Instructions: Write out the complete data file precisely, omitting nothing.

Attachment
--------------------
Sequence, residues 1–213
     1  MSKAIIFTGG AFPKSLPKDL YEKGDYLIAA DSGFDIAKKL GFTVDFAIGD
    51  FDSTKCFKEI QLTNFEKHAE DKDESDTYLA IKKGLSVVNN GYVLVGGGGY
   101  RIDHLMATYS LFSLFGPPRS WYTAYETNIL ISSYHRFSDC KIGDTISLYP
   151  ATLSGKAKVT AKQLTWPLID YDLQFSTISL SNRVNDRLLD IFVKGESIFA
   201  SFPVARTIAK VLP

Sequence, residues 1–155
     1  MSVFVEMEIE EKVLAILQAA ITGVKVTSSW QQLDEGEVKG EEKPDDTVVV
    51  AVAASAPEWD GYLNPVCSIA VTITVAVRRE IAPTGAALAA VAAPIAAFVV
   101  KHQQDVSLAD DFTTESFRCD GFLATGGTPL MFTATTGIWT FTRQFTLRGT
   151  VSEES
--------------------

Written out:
Sequence, residues 1–213
     1  MSKAIIFTGG AFPKSLPKDL YEKGDYLIAA DSGFDIAKKL GFTVDFAIGD
    51  FDSTKCFKEI QLTNFEKHAE DKDESDTYLA IKKGLSVVNN GYVLVGGGGY
   101  RIDHLMATYS LFSLFGPPRS WYTAYETNIL ISSYHRFSDC KIGDTISLYP
   151  ATLSGKAKVT AKQLTWPLID YDLQFSTISL SNRVNDRLLD IFVKGESIFA
   201  SFPVARTIAK VLP

Sequence, residues 1–155
     1  MSVFVEMEIE EKVLAILQAA ITGVKVTSSW QQLDEGEVKG EEKPDDTVVV
    51  AVAASAPEWD GYLNPVCSIA VTITVAVRRE IAPTGAALAA VAAPIAAFVV
   101  KHQQDVSLAD DFTTESFRCD GFLATGGTPL MFTATTGIWT FTRQFTLRGT
   151  VSEES